16 December 2015
Burma jade mine landslides
Yesterday there were reports of yet another landslide in the jade mine area of northern Burma (Myanmar). This time the landslide appears to have killed at least one person, with a further ten missing. If these individuals were buried then the likelihood that they survived is very low. Whilst reports are sketchy, it appears that this was another collapse of a waste pile onto informal miners who scavenge the dumps:
The Irrawaddy news service cited a police officer Tuesday as saying that one person had been confirmed dead since the collapse of a dump pile in La Mong Kone village of Hpakant township the day before. “The landslide moved slowly, so most of the people working on the waste pile had time to run for their lives,” he said. “According to witnesses, he fell down from a cliff and was buried deeply,” he added, warning of the threat of more landslides in the area. Khin Maung, a miner who witnessed the collapse, told The Irrawaddy that around 20 people had been mining for jade residue at the time of the incident. “The waste pile slowly slid down, with people shouting and running away. Some escaped, but some did not,” Khin Maung added.
The Hpakant area of Burma has suffered a string of major landslides this year, including the following prior to the most recent event:
|06/03/2015||Maw Mau Layang, Hpakant town||24|
|09/04/2015||Lonekhin village, Hpakant town||70|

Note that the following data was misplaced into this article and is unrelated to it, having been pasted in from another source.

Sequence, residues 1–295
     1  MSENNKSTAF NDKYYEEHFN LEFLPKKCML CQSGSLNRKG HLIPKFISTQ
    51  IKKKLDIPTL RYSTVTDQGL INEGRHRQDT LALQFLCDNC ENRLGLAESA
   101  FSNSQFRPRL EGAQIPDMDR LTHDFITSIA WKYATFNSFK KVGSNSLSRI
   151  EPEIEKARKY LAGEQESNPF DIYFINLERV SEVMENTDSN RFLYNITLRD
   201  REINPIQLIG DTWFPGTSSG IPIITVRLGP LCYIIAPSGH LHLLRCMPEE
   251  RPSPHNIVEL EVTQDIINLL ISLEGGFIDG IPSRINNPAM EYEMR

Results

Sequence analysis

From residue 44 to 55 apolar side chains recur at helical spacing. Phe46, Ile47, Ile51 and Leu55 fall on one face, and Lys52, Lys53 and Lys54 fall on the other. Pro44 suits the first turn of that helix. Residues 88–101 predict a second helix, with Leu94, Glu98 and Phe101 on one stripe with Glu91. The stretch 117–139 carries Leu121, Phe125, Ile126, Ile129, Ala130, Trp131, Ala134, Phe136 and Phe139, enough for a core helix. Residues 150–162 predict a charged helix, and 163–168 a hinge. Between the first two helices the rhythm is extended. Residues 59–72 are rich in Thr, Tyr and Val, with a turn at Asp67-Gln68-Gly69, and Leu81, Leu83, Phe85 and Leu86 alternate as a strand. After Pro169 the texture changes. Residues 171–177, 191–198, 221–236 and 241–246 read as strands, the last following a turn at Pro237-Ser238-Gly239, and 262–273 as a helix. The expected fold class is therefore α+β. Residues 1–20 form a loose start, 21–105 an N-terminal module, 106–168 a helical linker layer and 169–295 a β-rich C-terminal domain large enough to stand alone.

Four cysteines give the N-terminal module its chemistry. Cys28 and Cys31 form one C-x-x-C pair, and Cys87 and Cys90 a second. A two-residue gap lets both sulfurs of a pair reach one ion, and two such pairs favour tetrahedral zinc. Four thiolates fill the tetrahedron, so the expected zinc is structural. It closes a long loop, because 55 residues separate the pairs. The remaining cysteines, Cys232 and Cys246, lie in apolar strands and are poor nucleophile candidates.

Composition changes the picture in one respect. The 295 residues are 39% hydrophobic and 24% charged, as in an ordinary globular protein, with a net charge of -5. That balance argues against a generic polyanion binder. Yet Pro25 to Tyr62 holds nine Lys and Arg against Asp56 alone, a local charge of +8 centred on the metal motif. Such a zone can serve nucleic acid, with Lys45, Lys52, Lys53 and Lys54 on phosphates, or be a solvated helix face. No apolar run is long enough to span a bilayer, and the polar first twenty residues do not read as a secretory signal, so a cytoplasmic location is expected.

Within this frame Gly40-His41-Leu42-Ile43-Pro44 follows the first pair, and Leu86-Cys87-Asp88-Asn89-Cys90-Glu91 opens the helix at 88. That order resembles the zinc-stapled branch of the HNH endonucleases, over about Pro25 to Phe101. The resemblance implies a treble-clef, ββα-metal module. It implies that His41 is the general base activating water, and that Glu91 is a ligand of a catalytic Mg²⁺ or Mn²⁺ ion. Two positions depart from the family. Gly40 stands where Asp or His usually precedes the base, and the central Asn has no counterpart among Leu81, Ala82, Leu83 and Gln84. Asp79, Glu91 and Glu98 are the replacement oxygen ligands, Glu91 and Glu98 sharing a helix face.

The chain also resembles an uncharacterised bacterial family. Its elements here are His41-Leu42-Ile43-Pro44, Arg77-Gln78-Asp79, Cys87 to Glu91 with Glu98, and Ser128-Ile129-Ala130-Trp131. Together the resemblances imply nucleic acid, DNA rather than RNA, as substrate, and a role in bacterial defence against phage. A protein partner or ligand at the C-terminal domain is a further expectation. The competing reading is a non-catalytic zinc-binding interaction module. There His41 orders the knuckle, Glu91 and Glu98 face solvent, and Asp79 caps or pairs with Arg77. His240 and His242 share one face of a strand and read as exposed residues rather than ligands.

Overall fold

|20/11/2015||Sankhatku village, Hpakant town||c.214|
Over 300 fatalities in a year is a truly dreadful toll for a hazard that should be entirely avoidable. A key question is why Burma has suddenly started to suffer such huge losses. Has something changed, or could it be that only now is information about the level of loss becoming apparent. The answers lie in a fascinating article on the Human Rights Watch website:
The miners were working at a site used by dozens of Burmese and Chinese companies that have dramatically increased mining in the past year, driving many small-scale miners to scavenge for small jade deposits the machinery misses, in dangerous dump sites where landslides are common. Since large-scale mining resumed in 2014, profits have skyrocketed, but that has done little to reduce the threats to miners’ safety.
Unfortunately until safety at the mines in Burma is addressed, landslide losses will continue at this rate. It is tempting to blame the illegal miners scavenging the waste dumps, but the reality is that it in incumbent on the mining companies to make their operations safe.